For Saint Thomas, it is God Himself which is both man’s happiness, and his summum bonum. As the Angelic Doctor puts it, “… man’s happiness consists essentially in his being united to the Uncreated Good, Which is his last end” (ST Ia IIae, 3, 3, respondeo). The way that man possesses this end is by the Beatific Vision whereby man sees the Divine Essence. Saint Thomas cites the words of 1 John 3:2 as proof: “When He shall appear, we shall be like to Him because we shall see Him as He is.” Aquinas agrees with Aristotle in making man’s good consist in the speculative contemplation of truth, but this contemplation far exceeds what Aristotle could possibly have imagined, since the Truth spoken of here has a capital “T,” for it is the Father, Son, and Holy Ghost — the Holy Trinity, seen as It is in Its very essence. Again, as Saint John wrote in his first canonical epistle: “we shall see Him as He is.”

It is only by knowing God in His essence — or “face-to-face” — that man can achieve his ultimate happiness, that is to say, his “beatitude,” which we also call “salvation,” “heaven,” and “eternal life.” Saint Thomas cites Our Lord’s words in John 17:3: “This is eternal life, that they may know Thee, the only true God.”

For Saint Thomas, God is Happiness Itself in His very essence. Human happiness consists in a created participation in that Happiness of God. Similarly, God is Goodness itself, and our enjoyment of the highest Good is our possession of God Himself, by knowledge. Given Saint Thomas’ position on the precedence of the Intellect over the Will, it should come as no surprise to us that he associates happiness with the intellect and not the will. The three functions of the will — desire, love, and delight — are not means of possession. Desire and love draw a man to his good, while delight results from possession of the good. It is the intellect that possesses God, our highest Good, so the “Beatific Vision” is no bodily vision; it is the intellect directly intuiting the Divine Essence. If this sounds too complicated, let us return to the language of Our Lord Himself in Saint John’s Gospel: “This is eternal life, that they may know Thee, the only true God.” Knowledge is an act of the intellect.

But the will is not left out of Heavenly Beatitude because the whole person experiences the goodness of God in Heaven. The will takes its supreme delight and love in the possession of the highest Good. It can no more desire, because all desires are fulfilled, so it will experience perfect peace as well as delight and love. Even the lower faculties of man will enjoy beatitude; Saint Thomas cites Saint Augustine on this point, who says, “the body and the bodily senses will receive a certain overflow, so as to be perfected in their operations” (ST Ia IIae, 3, 3, respondeo).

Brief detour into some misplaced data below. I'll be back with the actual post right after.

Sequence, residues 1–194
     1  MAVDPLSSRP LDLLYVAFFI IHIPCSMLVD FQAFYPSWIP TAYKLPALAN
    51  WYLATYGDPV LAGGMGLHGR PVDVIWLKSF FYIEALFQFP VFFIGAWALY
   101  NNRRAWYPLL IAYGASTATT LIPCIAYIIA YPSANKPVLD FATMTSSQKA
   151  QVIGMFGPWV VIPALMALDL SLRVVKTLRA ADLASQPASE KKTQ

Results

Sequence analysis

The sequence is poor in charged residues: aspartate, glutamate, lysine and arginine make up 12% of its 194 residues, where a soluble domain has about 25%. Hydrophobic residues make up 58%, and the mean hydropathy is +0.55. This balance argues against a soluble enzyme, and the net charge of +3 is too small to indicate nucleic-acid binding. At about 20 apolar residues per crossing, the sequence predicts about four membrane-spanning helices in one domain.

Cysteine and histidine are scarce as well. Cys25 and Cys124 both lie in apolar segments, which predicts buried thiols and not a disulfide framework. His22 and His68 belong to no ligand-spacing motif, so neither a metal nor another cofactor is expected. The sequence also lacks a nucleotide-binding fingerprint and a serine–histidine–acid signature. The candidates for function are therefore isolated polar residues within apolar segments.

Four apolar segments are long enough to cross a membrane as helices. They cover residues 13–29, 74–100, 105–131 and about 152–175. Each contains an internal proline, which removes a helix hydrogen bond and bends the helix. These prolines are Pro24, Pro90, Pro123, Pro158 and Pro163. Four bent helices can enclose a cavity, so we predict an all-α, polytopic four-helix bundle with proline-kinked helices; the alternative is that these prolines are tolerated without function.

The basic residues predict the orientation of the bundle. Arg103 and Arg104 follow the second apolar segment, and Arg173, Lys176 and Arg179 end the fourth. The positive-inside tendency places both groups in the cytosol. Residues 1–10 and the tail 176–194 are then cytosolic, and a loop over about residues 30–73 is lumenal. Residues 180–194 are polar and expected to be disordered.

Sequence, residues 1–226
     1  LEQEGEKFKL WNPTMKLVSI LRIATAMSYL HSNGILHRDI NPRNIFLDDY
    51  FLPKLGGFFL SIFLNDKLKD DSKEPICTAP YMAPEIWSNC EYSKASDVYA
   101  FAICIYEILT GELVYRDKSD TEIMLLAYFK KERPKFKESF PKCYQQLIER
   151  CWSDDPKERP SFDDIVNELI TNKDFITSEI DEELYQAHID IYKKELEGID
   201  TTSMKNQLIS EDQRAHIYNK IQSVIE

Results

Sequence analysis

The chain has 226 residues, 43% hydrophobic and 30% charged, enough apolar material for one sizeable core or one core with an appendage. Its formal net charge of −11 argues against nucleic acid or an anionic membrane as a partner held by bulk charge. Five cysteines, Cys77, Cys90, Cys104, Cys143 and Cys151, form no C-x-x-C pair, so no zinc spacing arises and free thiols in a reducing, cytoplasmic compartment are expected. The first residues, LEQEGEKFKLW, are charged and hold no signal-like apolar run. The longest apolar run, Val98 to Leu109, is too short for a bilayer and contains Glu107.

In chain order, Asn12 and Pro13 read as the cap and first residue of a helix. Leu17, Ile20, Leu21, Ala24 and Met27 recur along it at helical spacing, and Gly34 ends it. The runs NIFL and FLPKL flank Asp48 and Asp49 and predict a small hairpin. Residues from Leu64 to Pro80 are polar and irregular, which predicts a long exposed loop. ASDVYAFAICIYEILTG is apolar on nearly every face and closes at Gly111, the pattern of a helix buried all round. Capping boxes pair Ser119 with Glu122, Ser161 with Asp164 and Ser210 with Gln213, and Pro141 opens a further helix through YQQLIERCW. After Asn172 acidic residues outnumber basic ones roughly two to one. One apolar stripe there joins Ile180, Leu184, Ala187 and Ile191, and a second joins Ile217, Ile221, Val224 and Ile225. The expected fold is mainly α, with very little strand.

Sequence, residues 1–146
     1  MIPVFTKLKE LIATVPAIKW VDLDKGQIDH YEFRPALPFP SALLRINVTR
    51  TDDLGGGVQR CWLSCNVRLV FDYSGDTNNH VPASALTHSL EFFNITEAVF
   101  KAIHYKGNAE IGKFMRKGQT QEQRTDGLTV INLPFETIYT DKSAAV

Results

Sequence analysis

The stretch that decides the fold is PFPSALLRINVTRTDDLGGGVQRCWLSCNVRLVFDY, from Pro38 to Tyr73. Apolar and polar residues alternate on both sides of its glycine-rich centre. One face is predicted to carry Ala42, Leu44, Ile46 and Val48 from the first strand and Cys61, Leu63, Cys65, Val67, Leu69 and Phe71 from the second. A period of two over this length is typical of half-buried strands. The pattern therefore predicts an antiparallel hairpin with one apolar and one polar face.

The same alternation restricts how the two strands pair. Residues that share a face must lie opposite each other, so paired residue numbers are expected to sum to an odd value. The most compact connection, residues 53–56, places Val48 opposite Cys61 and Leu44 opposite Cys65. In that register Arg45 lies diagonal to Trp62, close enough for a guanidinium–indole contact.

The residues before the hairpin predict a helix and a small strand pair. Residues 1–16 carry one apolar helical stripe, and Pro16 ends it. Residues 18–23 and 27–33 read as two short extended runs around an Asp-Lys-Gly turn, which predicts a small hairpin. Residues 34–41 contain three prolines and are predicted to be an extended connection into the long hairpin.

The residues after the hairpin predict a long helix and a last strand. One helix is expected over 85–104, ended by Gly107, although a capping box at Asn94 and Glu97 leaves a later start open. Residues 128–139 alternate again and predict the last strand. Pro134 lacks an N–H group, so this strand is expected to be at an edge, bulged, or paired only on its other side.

Saint Thomas Aquinas on the Beatitudes

What I have said so far about Saint Thomas’ ideas on happiness comes from that part of the Summa where he answers the question, “What is happiness?” It would be wrong of me not to mention something of what he says elsewhere concerning the Beatitudes. Here is a rather beefy excerpt (ST Ia IIae, 69, 1, respondeo):

As stated above (I-II:2:7; I-II:3:1), happiness is the last end of human life. Now one is said to possess the end already, when one hopes to possess it; wherefore the Philosopher says (Ethic. i, 9) that “children are said to be happy because they are full of hope”; and the Apostle says (Romans 8:24): “We are saved by hope.” Again, we hope to obtain an end, because we are suitably moved towards that end, and approach thereto; and this implies some action. And a man is moved towards, and approaches the happy end by works of virtue, and above all by the works of the gifts, if we speak of eternal happiness, for which our reason is not sufficient, since we need to be moved by the Holy Ghost, and to be perfected with His gifts that we may obey and follow him.

What Saint Thomas is saying here is that the eight Beatitudes Our Lord enumerated in the Sermon on the Mount are acts of the virtues perfected by the gifts of the Holy Ghost. He is also saying that they are an anticipation in this life of heavenly beatitude. It is for this reason that we can have, even in this vale of tears, an imperfect happiness that is a seed of the future happiness of celestial bliss.